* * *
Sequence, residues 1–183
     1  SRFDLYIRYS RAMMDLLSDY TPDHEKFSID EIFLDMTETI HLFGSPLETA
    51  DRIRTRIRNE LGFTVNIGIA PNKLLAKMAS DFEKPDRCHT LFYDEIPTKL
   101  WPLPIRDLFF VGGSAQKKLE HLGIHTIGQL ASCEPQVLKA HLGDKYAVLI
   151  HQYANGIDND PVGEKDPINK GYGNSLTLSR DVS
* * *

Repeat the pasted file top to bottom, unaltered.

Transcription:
Sequence, residues 1–183
     1  SRFDLYIRYS RAMMDLLSDY TPDHEKFSID EIFLDMTETI HLFGSPLETA
    51  DRIRTRIRNE LGFTVNIGIA PNKLLAKMAS DFEKPDRCHT LFYDEIPTKL
   101  WPLPIRDLFF VGGSAQKKLE HLGIHTIGQL ASCEPQVLKA HLGDKYAVLI
   151  HQYANGIDND PVGEKDPINK GYGNSLTLSR DVS